Max Born Institute hosts a team from Ukraine to explore novel ultrafast relaxation dynamics of molecules in solution

The ongoing war in Ukraine is severely hampering experimental research at their national facilities. It is therefore all the more important to help Ukrainian scientists continue their research in these difficult times. Fortunately, European and national German funding offers a variety of possibilities in this context. One of these is Laserlab-Europe - the integrated initiative of the European Laser Research Infrastructures, which provides transnational access to the best laser research facilities in Europe, including those at the Max Born Institute.

Recently, a team of scientists from the Center for Collective Use of the Femtosecond Laser Complex at the National Academy of Sciences of Ukraine, led by Dr Natalia Kachalova, successfully applied for such an access grant through Laserlab-Europe. The research collaboration between Dr Kachalova's group and scientists at the Max Born Institute (MBI) started in 2022 when Dr Alina Khodko, a member of the Ukrainian team, joined MBI on a temporary contract to study ultrafast relaxation dynamics in aqueous solutions using the method of time-resolved photoelectron spectroscopy (TRPES). Thanks to the access grant, this collaboration has now been expanded, with several members of the Ukrainian team traveling from Kyiv to join the experiments on the ultrafast relaxation of Metanyl Yellow - an aminoazobenzine derivative, which serves as a testbed for developing the TRPES protocols in solution. Previous results suggest that the molecule undergoes rapid relaxation to the ground state, but that the pathways may be different for different hydration arrangements. The current campaign aims to elucidate the influence of hydration.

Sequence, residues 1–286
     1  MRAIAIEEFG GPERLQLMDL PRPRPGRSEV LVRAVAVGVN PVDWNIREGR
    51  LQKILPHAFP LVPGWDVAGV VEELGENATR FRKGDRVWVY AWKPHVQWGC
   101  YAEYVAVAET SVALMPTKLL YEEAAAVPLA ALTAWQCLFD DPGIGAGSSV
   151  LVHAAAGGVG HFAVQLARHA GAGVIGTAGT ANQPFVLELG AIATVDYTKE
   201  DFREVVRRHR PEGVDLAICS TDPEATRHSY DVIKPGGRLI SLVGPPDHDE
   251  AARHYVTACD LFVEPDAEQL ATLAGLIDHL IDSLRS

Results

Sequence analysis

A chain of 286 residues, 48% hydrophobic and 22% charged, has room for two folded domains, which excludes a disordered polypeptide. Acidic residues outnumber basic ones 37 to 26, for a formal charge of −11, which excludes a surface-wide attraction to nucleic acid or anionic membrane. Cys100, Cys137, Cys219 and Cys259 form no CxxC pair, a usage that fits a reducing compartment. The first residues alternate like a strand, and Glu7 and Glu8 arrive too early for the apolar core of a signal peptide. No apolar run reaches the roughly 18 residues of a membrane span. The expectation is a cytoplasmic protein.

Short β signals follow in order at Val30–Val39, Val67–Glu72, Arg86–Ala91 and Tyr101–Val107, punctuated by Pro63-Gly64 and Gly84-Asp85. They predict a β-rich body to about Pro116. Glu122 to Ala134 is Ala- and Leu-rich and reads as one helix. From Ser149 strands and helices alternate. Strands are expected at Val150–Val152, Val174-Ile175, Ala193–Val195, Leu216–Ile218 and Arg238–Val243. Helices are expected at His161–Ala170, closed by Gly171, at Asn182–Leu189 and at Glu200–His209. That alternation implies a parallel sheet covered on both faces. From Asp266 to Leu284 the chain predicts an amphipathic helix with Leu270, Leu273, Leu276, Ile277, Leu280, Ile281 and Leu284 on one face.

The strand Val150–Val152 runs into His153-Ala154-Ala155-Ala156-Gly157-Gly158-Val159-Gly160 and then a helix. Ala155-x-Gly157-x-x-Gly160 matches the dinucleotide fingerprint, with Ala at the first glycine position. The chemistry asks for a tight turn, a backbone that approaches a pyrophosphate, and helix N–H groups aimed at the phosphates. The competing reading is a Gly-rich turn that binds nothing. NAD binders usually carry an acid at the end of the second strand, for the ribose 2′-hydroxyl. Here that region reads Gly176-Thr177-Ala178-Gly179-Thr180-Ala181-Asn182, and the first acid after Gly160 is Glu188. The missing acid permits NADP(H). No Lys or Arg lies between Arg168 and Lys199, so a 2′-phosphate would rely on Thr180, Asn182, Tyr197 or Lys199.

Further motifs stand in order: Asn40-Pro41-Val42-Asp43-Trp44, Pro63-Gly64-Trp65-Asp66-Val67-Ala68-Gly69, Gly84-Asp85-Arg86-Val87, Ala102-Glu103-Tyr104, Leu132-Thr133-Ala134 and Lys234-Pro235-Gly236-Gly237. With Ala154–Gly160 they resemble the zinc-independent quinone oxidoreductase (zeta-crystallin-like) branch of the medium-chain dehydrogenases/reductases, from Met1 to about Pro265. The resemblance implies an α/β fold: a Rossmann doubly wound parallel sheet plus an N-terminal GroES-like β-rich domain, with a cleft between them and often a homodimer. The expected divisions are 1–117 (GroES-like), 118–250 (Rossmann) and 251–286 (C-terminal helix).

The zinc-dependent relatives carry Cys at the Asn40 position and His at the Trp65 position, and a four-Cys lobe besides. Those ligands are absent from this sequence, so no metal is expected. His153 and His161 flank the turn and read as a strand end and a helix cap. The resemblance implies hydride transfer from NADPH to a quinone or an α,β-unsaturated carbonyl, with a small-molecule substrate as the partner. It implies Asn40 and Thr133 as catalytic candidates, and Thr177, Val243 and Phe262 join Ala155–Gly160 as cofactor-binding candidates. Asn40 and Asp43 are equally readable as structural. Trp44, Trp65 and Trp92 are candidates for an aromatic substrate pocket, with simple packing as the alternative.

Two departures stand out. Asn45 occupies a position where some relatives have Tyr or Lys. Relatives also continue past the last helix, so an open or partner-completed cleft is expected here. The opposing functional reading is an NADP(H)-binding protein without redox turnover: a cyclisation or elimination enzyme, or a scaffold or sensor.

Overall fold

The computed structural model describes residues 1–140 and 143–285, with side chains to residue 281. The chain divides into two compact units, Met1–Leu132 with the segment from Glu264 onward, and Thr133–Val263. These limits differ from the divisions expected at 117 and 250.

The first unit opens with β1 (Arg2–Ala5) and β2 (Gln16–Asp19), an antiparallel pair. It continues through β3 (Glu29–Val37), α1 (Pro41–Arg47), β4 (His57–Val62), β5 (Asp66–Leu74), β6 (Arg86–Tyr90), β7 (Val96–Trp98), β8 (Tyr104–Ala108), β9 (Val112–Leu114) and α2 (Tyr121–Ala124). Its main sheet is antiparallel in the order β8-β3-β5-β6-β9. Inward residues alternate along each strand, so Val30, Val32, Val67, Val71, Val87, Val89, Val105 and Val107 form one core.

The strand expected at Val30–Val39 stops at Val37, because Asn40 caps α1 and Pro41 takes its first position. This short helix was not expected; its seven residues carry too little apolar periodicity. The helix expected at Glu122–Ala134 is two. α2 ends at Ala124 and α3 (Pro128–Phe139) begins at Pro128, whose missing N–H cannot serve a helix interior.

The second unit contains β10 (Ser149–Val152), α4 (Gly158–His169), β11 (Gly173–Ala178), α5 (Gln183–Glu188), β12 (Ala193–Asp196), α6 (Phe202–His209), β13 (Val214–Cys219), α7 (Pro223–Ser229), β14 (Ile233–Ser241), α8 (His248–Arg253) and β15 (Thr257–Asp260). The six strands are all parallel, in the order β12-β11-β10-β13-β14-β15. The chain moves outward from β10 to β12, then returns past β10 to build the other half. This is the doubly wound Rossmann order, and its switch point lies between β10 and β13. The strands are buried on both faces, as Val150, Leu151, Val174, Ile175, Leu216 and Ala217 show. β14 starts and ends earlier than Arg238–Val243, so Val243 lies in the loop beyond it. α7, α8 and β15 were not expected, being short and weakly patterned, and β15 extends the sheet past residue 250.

2024-01_MBI_Ukrainian-visit.jpgThe cooperation with the Max Born Institute and the Laserlab-Europe grant are vital for the continuation of the activities of the Ukrainian physicists, who are very grateful to the MBI for the opportunity to continue their research. Questions about this article can be addressed to

Dr Alina Khodko (
Dr Oleg Kornilov (